all-American family that refuses to rec- Tilden and Bradley, are also quite
ognize their twenty-something-year- masterful in channelling the futile- photo courtesy National Arts Centre
old relative, Vince. He has returned minded creepiness of the two broth-
home for the first time in years with ers. Christie Watson grows into the surreal characterization required to gether the play’s jaggedly sharp puzzle atre, questions galore will flood their
his girlfriend Shelley in tow. The fam- confused and later hopeless Vince. make this play work. pieces. An example of Shepard’s subtle minds, and it may take some time be-
ily can’t remember Vince’s relationship Adrienne Gould does an accept- Buried Child demonstrates Shepa- symbolism occurs with the random fore they realize the genius of Shep-
with them, and they don’t seem to care able job playing Shelley, and while rd’s use of surrealism at its finest—he burst of corn crops that Vince’s father, ard, and his clever infusion of the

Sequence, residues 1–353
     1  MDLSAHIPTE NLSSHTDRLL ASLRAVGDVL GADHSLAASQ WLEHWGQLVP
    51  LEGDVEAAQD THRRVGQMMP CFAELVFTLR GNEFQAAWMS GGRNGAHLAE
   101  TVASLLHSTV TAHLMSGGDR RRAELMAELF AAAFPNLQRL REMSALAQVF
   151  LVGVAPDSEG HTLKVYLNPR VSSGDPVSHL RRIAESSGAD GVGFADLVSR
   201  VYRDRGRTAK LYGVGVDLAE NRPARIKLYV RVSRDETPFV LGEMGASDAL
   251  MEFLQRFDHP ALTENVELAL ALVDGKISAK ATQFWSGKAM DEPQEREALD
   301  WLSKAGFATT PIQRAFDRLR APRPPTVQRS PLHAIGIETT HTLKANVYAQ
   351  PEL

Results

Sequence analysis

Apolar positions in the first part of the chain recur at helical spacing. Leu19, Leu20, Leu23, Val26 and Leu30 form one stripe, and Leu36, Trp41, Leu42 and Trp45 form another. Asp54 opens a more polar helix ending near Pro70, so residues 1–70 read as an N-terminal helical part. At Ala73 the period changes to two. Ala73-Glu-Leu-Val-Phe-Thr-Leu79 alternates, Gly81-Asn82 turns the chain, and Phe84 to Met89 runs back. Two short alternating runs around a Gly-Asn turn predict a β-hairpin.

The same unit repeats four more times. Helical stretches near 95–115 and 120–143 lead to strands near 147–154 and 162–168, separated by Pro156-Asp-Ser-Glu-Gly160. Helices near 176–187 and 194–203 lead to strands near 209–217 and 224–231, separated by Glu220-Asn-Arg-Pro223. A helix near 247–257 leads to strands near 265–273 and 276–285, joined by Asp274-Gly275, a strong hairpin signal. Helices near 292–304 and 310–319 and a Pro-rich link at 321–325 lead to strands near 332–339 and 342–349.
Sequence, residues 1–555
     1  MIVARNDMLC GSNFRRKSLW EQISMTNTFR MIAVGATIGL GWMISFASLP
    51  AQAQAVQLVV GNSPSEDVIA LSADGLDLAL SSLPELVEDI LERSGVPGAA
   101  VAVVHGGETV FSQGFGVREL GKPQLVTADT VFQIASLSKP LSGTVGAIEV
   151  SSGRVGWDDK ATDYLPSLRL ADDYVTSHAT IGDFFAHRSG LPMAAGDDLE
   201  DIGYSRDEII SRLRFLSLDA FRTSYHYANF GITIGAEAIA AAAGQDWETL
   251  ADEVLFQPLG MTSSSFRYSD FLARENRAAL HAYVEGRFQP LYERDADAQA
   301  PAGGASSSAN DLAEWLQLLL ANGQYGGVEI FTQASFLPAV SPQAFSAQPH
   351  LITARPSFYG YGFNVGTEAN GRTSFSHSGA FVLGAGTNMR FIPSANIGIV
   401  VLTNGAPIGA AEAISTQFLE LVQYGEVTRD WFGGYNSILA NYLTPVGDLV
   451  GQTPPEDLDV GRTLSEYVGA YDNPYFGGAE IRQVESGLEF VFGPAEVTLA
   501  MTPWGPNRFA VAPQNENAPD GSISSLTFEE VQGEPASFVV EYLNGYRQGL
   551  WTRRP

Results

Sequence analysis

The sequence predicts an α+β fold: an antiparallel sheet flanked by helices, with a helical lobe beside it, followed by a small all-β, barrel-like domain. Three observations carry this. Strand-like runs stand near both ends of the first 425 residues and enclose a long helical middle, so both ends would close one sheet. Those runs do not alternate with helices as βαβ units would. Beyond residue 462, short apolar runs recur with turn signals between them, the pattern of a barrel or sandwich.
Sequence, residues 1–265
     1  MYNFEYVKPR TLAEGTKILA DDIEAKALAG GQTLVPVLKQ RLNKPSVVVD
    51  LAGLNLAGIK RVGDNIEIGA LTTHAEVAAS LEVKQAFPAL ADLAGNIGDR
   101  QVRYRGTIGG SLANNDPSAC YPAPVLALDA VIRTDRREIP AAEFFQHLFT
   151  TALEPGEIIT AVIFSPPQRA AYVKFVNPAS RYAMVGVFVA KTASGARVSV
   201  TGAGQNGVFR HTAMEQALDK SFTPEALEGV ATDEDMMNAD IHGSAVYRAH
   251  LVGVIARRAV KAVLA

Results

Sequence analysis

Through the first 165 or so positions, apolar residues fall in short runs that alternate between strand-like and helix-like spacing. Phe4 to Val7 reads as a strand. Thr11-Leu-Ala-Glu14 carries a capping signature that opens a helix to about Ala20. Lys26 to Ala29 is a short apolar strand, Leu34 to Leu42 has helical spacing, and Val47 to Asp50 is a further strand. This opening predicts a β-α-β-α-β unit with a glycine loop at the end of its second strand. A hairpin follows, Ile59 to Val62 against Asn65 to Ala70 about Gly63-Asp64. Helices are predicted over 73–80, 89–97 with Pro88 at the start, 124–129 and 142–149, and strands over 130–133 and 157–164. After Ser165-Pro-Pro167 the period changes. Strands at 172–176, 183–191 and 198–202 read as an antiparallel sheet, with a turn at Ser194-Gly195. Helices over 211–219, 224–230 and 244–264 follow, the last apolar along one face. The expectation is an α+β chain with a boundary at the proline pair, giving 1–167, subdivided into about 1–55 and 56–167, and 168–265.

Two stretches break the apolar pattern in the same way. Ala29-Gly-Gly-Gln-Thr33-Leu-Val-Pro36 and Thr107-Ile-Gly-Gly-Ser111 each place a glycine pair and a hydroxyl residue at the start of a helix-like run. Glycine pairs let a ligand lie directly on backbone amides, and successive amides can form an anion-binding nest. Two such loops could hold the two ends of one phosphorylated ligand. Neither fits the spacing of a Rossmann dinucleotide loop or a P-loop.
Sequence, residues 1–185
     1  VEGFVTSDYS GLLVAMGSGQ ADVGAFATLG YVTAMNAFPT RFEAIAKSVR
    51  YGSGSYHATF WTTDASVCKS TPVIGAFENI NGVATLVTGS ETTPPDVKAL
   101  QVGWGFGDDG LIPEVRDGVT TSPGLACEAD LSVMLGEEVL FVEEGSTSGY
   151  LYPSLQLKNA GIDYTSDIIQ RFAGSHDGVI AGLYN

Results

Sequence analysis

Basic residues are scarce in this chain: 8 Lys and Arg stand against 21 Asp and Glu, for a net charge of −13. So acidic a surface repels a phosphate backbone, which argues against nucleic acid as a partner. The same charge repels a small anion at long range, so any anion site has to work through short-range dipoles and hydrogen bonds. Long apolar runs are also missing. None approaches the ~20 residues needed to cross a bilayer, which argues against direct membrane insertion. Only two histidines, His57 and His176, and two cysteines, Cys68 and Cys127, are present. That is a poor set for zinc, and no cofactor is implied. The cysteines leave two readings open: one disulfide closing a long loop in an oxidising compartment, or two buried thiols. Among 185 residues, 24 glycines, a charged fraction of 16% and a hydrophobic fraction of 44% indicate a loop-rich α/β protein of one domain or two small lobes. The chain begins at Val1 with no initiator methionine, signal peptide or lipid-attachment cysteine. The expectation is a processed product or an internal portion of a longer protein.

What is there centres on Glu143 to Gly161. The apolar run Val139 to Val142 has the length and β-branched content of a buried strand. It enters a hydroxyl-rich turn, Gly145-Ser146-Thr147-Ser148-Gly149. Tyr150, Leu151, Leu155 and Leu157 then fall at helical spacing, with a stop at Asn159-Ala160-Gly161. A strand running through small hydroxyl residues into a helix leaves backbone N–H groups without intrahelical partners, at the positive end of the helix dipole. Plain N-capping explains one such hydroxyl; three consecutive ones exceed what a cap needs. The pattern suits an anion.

that there are two strangers in their Clare Coulter is excellent as Vince’s subtly weaves in fantastical symbols Tilden, discovers in the first act, a feat fantastical and the realistic. For fans
house. The attempts made by Shelley grandmother, Halie, her voice is far that appear to be commonplace ob- that Vince’s grandfather, Dodge, re- of avant-garde theatre, Buried Child
to uncover the deep, dark, dirty secrets too grating. In all, the characters jects only until after the play is over, fuses to believe has happened. is sure to satisfy your craving for the
of the family finally come to fruition are believable and communicate the and the viewer has managed to put to- As the audience leaves the the- weird.